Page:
Many workers plan their retirement carefully and land on an age for leaving the workforce well in advance of that milestone. But what happens when your intentions don't align with reality?
An estimated 50% of seniors retired earlier than they would have liked, according to a new TD Ameritrade survey. Among them, the most popular reason for an early workforce exit was health issues, with layoffs being common as well.
Unfortunately, being forced into early retirement could result in some pretty dire financial consequences. Imagine you have $200,000 in retirement savings by age 62, and you're planning to contribute another $1,000 a month for five extra years. That would leave you with around $321,500 if your invested savings were to generate a somewhat conservative 5% average annual return during that time.
But what if instead of retiring at 67 and saving those five extra years, you get sick or lose your job in a month? Suddenly, you're looking at around $120,000 less in retirement savings, not to mention a potential hit to your Social Security benefits if you're forced to claim them well before reaching full retirement age.
Clearly, it's not a great situation to be in. But if that's where you land, here are a few ways to cope.
1. Find a part-time job
Maybe your health won't allow you to keep plugging away at a full-time job like you're used to. Or maybe that option was taken off the table because of a layoff, and you've been struggling to find full-time work ever since.
If that's the case, it pays to look into part-time work for a number of reasons. First, you'll generate some income -- money that could help compensate for the extra retirement savings you never got to accumulate. Second, having that income could enable you to hold off on claiming Social Security until full retirement age, thereby avoiding a reduction in benefits.
Additionally, in today's gig economy, part-time work can be flexible -- in some cases, far more flexible than having a full-time job. If your health is good, and you're an early retiree because of a layoff, you can sign up to drive for a ridesharing company, walk dogs, or do odd jobs around other people's homes if you're handy. If health issues are preventing you from physically showing up to a job, you can look for work you can do from home, like writing, editing, or online tutoring.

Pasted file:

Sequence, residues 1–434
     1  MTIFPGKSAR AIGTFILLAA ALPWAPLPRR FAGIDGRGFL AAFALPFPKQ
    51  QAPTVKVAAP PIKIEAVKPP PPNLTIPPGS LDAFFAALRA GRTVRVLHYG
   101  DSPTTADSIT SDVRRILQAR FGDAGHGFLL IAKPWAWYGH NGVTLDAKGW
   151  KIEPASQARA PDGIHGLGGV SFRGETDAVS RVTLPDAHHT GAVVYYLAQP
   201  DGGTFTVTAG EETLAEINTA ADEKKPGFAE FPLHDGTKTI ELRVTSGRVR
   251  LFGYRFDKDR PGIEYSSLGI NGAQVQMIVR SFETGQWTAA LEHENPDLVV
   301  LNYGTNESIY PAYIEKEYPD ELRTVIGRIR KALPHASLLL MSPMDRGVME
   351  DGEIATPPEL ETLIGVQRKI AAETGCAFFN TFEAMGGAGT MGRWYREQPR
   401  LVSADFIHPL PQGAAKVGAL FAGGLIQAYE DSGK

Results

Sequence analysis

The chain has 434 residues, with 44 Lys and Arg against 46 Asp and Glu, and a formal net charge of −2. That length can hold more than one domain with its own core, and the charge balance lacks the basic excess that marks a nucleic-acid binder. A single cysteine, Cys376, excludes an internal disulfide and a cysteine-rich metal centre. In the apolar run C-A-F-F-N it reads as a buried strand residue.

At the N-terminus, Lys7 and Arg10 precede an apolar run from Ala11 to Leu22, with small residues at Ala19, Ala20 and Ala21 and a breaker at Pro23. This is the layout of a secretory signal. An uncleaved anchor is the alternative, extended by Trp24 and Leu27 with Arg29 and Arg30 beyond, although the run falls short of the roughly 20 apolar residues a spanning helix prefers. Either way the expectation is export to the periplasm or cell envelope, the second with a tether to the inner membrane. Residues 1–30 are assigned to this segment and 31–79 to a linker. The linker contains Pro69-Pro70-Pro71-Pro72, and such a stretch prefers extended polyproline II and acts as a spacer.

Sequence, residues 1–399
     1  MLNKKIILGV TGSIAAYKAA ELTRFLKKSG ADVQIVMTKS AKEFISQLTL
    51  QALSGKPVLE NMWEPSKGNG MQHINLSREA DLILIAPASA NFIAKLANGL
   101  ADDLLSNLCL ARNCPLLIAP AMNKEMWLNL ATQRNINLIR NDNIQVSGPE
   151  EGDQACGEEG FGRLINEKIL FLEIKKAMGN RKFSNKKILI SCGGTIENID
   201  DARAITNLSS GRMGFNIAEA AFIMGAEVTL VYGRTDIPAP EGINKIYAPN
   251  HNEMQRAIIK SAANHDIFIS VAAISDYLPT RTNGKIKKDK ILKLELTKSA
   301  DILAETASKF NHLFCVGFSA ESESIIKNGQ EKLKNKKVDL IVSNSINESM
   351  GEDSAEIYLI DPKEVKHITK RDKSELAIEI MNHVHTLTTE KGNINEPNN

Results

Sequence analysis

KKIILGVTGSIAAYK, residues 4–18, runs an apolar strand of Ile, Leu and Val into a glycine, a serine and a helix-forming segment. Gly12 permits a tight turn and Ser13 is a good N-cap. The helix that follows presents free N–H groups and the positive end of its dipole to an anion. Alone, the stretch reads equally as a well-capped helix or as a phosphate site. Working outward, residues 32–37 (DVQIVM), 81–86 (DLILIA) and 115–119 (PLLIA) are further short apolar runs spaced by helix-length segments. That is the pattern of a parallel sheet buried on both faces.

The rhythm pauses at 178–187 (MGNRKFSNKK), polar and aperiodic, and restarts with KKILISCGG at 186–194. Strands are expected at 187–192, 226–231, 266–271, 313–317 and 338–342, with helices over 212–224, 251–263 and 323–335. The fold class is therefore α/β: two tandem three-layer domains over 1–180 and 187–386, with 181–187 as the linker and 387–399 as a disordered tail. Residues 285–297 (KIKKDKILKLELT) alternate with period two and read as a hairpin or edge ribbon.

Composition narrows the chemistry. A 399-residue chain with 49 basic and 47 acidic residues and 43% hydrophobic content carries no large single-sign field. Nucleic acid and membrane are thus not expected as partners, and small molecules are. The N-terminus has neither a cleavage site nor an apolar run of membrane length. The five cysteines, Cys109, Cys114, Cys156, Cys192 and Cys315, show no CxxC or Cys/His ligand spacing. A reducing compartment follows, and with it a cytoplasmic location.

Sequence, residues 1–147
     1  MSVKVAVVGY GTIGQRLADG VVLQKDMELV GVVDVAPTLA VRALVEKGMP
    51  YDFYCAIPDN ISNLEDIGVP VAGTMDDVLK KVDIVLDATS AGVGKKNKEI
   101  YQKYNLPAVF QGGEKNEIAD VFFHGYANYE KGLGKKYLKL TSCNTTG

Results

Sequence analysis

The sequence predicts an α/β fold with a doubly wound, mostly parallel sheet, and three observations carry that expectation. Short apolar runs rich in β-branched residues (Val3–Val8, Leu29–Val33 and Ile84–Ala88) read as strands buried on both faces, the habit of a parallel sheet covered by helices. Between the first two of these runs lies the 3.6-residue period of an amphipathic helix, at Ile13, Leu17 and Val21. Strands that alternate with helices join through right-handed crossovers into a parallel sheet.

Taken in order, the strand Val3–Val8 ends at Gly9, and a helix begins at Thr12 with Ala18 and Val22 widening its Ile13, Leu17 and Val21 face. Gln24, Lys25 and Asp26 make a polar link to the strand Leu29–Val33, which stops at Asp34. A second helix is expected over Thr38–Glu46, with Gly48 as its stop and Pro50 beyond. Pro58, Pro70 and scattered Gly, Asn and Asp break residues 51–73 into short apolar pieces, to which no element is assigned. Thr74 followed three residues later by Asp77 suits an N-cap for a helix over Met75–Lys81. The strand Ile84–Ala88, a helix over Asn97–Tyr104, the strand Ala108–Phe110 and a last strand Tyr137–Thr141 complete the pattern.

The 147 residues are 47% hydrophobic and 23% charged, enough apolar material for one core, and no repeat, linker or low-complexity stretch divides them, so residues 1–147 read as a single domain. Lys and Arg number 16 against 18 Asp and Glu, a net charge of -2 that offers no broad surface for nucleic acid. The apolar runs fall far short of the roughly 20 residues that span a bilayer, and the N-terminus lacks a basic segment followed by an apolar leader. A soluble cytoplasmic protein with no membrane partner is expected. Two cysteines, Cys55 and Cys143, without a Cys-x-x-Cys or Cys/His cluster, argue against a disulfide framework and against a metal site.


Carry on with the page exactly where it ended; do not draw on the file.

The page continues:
Of course, there's also the option to explore part-time work at a local business or retailer, and doing so might help you cope with the emotional impact of retiring early when you didn't want to -- namely, the sudden lack of a schedule or social outlet.
2. Downsize your home
Housing is the typical American's greatest monthly expense, and chances are, it will be a big one for you in retirement, even if you already own your home mortgage-free. But if you're willing to move to a smaller property, you'll not only reduce that expense, but also potentially gain access to a nice chunk of cash.
Imagine you're sitting on a paid-off home worth $300,000 when you're forced to retire at age 62. If you're able to sell that home and buy a smaller one for $180,000, suddenly, you have an extra $120,000 to sock away and invest, which could be enough to compensate for the money you were planning to save had you not been kicked out of the workforce prematurely. Furthermore, it costs less money to heat, cool, and maintain a smaller home than a larger one, so even if your profit from downsizing isn't huge, your ongoing expenses could shrink substantially.
3. Consider relocating
Chances are, your retirement income will largely consist of the savings you amassed and the Social Security benefits you receive. If you're stuck leaving the workforce sooner than planned, a good way to stretch your income is to relocate to someplace that's cheaper than where you currently live. If you find an area with lower home prices, property taxes, income taxes, transportation, and goods and services, you'll have less financial stress to contend with, and you might even enjoy the change of pace and scenery.
In an ideal world, you'd get to retire when you want. But sometimes things don't work out that way. Rather than let a forced early retirement wreck your senior years, be strategic in your efforts to compensate so you manage to enjoy your workforce exit rather than bemoan it.